All About DIY Brow Henna Tinting

Practical And Kind Of Magical.

Last updated on: 05/27/2021 at 3:46 pm

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DIY henna eyebrow tint

Photo: Imaxtree


The majority of us aren’t born with full, shapely, defined brows (unfortunate, but true). So we spend a great deal of our time powdering, brushing, filling, and blending what we do have to create a more desirable shape and depth.


What if we told you you didn’t have to do that every morning before work and every evening before you head out? You’d want to know more, right?


Well prepare to be amazed! There’s an option for those of you willing to try something a little different: brow henna! You might have noticed the intricate and beautiful henna designs (aka Mehndi) that adorn the hands and feet of (often) Indian brides practicing the tradition or (increasingly) as an option for semi-permanent ‘tattoos’. What you might not have known is that the same dye can be used for cosmetic purposes. Henna can be used to add color to your hair – and that includes your eyebrows.


What’s even better? You can do that from the comfort of your own home with a DIY Brow Henna Tint. But before you go mixing your own henna paste, you eager beaver, let’s learn a bit about what henna is and how it can benefit your brows.



Henna is a completely natural dye that is derived from the Lawsonia Inermis plant (aka: Hina, the henna tree, the mignonette tree, or the Egyptian Privent). The plant contains a naturally occurring substance called lawsone, which is an active coloring pigment.


Traditionally used for temporary body art on the skin, in the scalp hair, and for dying fabrics like silk, wool and leather, henna has made its way from Asia and Africa to both Europe and North America in the last few decades.



Somewhere along the way, someone thought to use brow henna on their eyebrows, and the results were fantastic. Brow henna is somewhere between a temporary and permanent solution to sparse brows. It doesn’t wash off with makeup remover like a brow tint, but it’s not as permanent as brow tattooing either.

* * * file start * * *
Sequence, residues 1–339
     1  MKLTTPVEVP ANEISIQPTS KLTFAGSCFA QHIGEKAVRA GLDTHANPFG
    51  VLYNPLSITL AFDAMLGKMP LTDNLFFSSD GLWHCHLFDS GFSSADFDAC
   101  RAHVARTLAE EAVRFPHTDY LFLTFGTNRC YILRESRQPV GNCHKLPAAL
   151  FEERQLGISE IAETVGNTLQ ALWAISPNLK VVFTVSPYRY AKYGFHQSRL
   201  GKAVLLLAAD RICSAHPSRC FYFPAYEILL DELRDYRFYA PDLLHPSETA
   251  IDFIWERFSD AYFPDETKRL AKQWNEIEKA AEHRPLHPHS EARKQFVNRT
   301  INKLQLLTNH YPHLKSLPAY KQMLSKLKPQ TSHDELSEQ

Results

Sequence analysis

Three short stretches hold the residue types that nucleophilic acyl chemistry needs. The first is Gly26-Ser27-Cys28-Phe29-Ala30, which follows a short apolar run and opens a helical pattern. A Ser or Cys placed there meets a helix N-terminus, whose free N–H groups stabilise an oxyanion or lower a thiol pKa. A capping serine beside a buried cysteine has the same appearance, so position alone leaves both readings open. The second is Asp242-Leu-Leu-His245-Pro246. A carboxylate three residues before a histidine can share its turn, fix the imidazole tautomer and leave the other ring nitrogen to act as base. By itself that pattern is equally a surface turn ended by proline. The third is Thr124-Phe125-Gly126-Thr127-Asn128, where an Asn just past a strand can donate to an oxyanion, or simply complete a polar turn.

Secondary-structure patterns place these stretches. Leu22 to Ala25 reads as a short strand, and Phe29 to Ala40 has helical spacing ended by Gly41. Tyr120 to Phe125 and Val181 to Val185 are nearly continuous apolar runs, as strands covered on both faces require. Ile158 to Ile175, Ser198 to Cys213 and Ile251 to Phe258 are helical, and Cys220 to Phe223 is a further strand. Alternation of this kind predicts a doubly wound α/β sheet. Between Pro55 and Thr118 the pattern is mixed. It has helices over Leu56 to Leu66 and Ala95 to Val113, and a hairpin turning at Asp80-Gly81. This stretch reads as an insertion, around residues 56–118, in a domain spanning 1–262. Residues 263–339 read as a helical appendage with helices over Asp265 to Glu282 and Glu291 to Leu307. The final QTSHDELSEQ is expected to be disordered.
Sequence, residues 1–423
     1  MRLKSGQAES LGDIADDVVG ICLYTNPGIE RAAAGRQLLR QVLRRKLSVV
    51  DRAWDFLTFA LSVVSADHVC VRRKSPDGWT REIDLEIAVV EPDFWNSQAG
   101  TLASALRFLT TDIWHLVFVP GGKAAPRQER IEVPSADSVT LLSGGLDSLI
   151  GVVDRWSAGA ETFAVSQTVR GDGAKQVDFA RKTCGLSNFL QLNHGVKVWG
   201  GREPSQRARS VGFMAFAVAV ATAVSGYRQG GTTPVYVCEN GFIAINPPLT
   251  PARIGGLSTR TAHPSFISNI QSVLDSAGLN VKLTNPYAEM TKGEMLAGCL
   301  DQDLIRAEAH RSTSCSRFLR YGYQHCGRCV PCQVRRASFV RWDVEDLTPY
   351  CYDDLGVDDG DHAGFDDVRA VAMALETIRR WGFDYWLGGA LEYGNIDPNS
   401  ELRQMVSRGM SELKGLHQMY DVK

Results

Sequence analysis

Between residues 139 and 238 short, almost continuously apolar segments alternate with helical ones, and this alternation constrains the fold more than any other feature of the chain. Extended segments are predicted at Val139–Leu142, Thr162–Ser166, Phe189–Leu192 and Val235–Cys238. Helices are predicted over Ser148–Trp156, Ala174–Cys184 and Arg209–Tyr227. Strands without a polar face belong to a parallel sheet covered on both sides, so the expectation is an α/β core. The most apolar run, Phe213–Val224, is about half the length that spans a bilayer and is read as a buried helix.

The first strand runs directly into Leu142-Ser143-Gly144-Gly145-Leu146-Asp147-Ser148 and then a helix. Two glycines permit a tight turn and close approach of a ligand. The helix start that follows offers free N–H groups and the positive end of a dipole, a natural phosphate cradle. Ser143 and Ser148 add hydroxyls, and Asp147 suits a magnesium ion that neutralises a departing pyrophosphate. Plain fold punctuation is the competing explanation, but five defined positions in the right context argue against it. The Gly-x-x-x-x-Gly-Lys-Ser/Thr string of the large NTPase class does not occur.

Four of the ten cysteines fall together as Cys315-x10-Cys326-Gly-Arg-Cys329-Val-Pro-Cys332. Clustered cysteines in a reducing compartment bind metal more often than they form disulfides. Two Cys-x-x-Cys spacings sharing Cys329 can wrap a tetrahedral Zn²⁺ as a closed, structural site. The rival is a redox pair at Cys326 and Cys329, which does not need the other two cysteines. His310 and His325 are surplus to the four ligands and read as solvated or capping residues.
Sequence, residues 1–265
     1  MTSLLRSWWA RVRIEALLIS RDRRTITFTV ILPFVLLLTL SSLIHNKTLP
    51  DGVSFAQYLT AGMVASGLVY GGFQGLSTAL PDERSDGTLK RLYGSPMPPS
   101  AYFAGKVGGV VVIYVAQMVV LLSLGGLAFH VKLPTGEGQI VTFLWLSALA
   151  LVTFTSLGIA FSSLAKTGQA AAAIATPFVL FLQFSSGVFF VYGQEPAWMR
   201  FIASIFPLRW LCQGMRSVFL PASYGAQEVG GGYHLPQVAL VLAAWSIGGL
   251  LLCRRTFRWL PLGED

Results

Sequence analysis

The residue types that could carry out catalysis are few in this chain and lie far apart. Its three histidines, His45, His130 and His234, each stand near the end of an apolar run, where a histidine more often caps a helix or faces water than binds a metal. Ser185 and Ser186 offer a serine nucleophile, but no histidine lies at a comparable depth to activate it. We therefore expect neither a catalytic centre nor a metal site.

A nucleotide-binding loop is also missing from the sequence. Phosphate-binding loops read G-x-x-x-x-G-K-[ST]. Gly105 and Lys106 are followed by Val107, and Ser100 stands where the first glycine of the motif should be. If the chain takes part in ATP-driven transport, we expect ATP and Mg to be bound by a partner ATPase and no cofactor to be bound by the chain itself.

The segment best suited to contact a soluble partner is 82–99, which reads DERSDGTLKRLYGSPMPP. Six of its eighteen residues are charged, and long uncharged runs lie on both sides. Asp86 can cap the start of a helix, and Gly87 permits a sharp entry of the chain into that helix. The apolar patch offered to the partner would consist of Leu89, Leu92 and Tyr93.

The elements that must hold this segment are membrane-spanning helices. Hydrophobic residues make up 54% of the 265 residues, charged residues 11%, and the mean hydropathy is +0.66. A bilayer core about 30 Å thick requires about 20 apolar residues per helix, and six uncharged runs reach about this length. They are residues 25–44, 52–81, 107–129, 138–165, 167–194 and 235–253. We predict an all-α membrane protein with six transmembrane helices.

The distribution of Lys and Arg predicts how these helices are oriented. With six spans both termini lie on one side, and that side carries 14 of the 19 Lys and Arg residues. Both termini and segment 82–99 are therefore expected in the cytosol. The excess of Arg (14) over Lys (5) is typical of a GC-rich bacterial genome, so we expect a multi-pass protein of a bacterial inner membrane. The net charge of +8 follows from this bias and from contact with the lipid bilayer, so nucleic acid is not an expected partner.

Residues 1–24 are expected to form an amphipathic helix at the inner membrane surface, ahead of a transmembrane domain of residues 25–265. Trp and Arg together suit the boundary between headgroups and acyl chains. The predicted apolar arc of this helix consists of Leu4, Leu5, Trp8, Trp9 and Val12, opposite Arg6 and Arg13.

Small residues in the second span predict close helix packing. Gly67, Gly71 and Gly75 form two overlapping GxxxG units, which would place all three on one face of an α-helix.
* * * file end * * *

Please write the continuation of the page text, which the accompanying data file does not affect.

Brow henna acts as a stain and it offers long-lasting results that are relatively inexpensive. You can think of it as a method of eyebrow tinting, though it doesn’t exactly tint the hairs of your brows. Instead, it stains the skin beneath the brows, which offers a significant visual improvement in both the depth and fullness of your brow.



The lawsone contained in the leaves of the henna plant is what gives it the staining properly. The natural dye is accessed by mashing the leaves into a paste. When applied to the skin, lawsone binds with the proteins on the outer layer of your dermis to create a fast but semi-permanent stain.


Working with crushed leaves isn’t exactly ideal so henna leaves are more commonly dried, milled, and sifted into powder form. The powder is then mixed with a liquid to form a paste. Lemon juice, water or strong tea tend to be the favored liquids. Some henna artists will also add sugar or molasses to their paste to help it stick to the skin and make it easier to work with.


After the henna has been mixed, it’s left to sit for anywhere from 1 to 48 hours. This allows the lawsone from the leaf to combine with the liquid ingredients. A light stain is achieved by applying the henna paste to the area of interest and removing it in just a few minutes. For longer-lasting henna stain, like what you’ll want for your brows, the henna paste must be left on the hair and skin for as long as possible and allowed to gradually flake off on its own accord.


Henna stains appear orange when the paste has been removed but this will darken over the course of 1 to 3 days, turning to a deep, reddish-brown hue. On your skin, henna wold for a few days and then fade as your skin naturally exfoliates and sheds skin cells. But on your hair, henna can last anywhere from 2 to 4 weeks!